Project 2 Handicap

Online log of a quest to drop my golf handicap from a nine to a two within sixty months. Sink or swim, I'll give it my best shot. Advice is not only appreciated, it's encouraged!

Tuesday, July 08, 2008


I had a wonderful ball striking round last Sunday.

So this post is primarily to remind myself of my Sunday swing thoughts. Successful golf being the fleeting entity it is I am hoping that I might be able to refer to this post in the future to recapture last Sunday's magic.

It all started on Thursday, actually. I was playing at Bow Creek - the course on which I learned to play golf and the course that I return to anytime I feel that my psyche is in need of repair, and after dropping seven strokes in my last three holes the week before my psyche was in definite need of repair.

About half-way through the Thursday round a memory of my trip to Augusta a few years ago came to mind.

My friend Nick and I were there for a practice round. For both of us it was our first time at Augusta. We wanted to see the full course so instead of camping behind a hole and waiting for all the golfers to come to us we walked the course.

My memory was of an observation while I was standing behind the tee box at eleven. Ernie Els, Adam Scott and two other golfers whom I didn't recognize came walking up the hill to the tee box. I've long been a fan of Ernie Els' languid swing and I closely watched his mannerisms as he approached the tee box. He was so relaxed, and... athletic. But then I noticed that each of the other 3 golfers had the same mannerisms. Had Ernie rubbed off on them or was I noticing a commonality?

As each teed off I became convinced that it was a commonality. Each golfer displayed easy, athletic, balanced yet powerful swings on that eleventh tee box at August. I burned the memory of those swings into my brain and that memory reappeared for me Thursday.

So I tried to duplicate those swings. The common characteristics were:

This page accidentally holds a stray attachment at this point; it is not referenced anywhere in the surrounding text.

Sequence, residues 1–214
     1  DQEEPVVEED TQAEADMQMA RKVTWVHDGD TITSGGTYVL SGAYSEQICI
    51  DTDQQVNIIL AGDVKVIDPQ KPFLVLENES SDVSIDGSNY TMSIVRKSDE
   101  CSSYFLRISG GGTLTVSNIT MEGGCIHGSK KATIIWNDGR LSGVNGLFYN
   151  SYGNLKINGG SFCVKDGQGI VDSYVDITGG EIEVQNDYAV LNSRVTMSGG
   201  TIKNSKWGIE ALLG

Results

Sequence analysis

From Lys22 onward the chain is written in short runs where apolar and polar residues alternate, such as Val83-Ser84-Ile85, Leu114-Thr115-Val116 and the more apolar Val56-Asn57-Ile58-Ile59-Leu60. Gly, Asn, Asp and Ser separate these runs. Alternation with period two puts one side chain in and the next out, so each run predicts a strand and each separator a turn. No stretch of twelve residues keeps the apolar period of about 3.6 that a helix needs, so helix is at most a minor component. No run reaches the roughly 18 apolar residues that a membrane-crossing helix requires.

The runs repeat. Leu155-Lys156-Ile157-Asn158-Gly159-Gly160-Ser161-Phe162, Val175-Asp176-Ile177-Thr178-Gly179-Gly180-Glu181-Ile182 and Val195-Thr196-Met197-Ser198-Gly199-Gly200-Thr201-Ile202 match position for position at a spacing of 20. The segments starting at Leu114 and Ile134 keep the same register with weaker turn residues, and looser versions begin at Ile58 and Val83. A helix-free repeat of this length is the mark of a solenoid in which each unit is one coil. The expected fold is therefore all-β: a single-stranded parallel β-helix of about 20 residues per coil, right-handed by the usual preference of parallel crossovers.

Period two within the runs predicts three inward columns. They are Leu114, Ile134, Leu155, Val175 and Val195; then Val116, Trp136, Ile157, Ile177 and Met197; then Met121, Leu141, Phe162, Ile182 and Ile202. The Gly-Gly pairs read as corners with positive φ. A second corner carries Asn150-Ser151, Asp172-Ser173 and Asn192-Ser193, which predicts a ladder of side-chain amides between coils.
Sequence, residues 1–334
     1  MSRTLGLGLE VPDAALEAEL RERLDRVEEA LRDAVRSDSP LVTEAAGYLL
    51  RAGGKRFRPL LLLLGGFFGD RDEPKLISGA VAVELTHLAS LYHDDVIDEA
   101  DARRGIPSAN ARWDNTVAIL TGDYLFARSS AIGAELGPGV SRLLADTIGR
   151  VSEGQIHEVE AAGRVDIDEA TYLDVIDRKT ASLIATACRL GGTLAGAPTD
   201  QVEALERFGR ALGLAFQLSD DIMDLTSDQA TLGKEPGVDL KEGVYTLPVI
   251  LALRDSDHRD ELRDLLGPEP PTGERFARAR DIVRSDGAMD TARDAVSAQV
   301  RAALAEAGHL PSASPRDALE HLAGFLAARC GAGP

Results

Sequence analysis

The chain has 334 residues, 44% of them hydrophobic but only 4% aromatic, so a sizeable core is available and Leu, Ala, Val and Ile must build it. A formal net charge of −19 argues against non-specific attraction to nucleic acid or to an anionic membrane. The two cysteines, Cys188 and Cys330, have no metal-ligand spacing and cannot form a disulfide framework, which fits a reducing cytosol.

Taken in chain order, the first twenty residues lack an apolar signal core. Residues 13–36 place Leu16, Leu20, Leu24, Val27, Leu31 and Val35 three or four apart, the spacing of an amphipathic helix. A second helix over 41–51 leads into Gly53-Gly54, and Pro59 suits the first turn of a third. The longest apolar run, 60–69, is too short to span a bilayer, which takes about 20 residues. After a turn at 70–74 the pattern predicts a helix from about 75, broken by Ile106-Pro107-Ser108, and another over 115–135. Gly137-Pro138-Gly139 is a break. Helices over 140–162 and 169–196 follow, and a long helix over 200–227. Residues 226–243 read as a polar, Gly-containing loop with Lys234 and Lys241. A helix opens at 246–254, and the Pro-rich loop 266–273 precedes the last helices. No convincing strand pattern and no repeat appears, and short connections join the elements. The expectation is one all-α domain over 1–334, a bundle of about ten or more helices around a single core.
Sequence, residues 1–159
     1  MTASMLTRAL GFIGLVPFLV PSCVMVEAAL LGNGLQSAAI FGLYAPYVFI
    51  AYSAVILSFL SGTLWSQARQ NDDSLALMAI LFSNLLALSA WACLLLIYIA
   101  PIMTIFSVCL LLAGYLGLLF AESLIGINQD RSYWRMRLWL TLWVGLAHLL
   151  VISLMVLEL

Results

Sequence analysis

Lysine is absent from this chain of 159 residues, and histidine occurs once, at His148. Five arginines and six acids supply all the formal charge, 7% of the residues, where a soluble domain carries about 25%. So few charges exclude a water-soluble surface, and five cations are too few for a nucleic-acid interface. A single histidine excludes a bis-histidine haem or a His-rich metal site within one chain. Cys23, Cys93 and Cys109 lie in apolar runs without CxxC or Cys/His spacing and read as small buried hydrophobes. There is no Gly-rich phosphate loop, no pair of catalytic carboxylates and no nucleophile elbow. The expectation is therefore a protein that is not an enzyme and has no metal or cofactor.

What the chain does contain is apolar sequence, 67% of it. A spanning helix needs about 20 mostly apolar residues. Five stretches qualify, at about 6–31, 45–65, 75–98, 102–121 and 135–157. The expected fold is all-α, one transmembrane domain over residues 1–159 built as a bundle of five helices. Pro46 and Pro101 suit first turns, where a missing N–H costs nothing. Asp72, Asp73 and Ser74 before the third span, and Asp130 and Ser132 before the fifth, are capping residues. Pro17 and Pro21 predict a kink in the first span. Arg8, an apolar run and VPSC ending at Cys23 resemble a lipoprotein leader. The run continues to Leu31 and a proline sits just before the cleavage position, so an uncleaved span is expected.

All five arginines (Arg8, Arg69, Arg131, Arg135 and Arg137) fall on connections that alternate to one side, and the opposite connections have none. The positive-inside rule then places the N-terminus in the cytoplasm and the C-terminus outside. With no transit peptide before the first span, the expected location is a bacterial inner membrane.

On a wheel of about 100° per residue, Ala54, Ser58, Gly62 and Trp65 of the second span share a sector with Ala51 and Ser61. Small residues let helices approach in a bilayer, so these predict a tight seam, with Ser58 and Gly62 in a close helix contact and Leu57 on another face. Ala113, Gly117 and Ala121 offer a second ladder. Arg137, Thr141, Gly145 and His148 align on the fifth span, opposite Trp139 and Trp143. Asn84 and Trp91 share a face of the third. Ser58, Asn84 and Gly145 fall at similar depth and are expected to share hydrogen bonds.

- at address each player seemed completely "grounded", as if their feet were nailed into the ground.
- each player displayed perfect balance both before and during the swing. There was no leakage of power or loss of ball control due to swaying. There was no swaying at all in their swings.
- more than anything else, I remember thinking to myself that each player seemed completely "centered". Centered in both the mental and physical sense. Each displayed both a mental and physical calmness before, during and after the swing. Each swing looked effortless, yet each was powerful and sure.

On Thursday, recalling these memories, I was able to come close to duplicating this "centeredness". I was able to "swing within myself", yet maintain and in fact improve on my usual distance and accuracy. In some sense, I think I found "the zone".

I want to stress again that there was both a physical AND mental aspect to this experience. By "centered" I am referring to both a mental and physical "balanced" feeling. Mentally I was calm and unconcerned about the outcome of the shot. (That's not a completely accurate description - it's more like I was completely convinced what the outcome would be so I was therefore not concerned.)

Physically I was calm and so both concentration and the actual physical swing came easy. Perhaps the mental surety carried over into the physical realm? I'm not sure. All I know is that BOTH were present.

And I was able to recapture these feelings on Sunday.

Will I be able to carry this into my next round?


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